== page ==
Last week, we told you about the the story of the NFL playing Google and Netflix off the traditional television networks in potentially selling a new Thursday Night Football package. And while Google will continue to be used by the NFL as a threat against the cable sports networks, it won't be using Netflix.
In an investor quarterly conference call this week, Netflix Chief Content Officer Ted Sarandos shot down any speculation that Netflix would go into the sports business. He said, "We're still not interested in sports." Sarandos added that watching sports is a linear experience or one that is best experienced on a TV screen.
So there goes one bargaining chip out the window. The NFL was hoping to use the online companies against CBS, ESPN, Fox, NBC, Turner and any other network as a way to squeeze more money for its product. It still can, perhaps it will substitute Apple for Netflix.
At the present time, Netflix continues to concentrate on providing movies and original series to its subscribers. Maybe down the road, sports will be part of the Netflix strategy, but for now, it's not going to happen.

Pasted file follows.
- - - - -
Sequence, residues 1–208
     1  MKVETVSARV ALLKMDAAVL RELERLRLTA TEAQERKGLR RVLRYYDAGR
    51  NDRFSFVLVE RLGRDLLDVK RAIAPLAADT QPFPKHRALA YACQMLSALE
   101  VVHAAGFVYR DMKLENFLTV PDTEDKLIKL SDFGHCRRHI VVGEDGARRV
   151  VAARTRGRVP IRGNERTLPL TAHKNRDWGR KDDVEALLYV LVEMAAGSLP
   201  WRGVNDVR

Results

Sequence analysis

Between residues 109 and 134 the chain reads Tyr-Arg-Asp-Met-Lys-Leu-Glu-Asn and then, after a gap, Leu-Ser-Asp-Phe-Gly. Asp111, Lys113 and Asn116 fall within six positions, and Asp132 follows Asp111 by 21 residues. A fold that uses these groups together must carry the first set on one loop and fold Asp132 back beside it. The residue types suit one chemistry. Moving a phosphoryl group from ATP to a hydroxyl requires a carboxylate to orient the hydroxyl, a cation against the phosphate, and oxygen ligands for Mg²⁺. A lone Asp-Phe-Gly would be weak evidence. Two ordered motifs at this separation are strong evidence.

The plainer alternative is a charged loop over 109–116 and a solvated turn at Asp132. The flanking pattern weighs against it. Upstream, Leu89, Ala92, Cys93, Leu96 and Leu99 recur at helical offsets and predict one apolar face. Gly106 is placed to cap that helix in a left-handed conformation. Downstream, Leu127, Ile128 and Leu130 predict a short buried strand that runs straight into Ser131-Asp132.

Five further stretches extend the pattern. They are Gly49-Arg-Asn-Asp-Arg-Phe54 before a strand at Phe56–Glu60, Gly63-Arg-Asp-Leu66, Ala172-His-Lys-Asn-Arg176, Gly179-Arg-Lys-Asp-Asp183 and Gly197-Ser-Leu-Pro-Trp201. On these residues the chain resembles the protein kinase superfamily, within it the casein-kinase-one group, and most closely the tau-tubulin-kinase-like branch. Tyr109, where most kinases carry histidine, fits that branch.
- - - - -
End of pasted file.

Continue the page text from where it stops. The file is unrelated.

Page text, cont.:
Of course Netflix doesn't want sports, and it stinks of desperation by the NFL for them to say that Netflix was interested in their Thursday night albatross. Netflix is the service for the ever growing number of people who are tired of paying ever increasing cable bills for overbloated sports right fees. It will interesting to see when the cable & satellite industry will have to start offering sports-less packages, on a large scale, to respond to Netflix & to keep the customer base intact, and what that will do to the sports industry as a result.
Netflix's CEO said "no" regarding live sports some years ago, and reiterated it again a year or two ago as it became apparent they were getting serious with original content.
When I saw discussion about Netflix being a potential bidder for TNF, I thought it was the NFL trying to boost possible interest.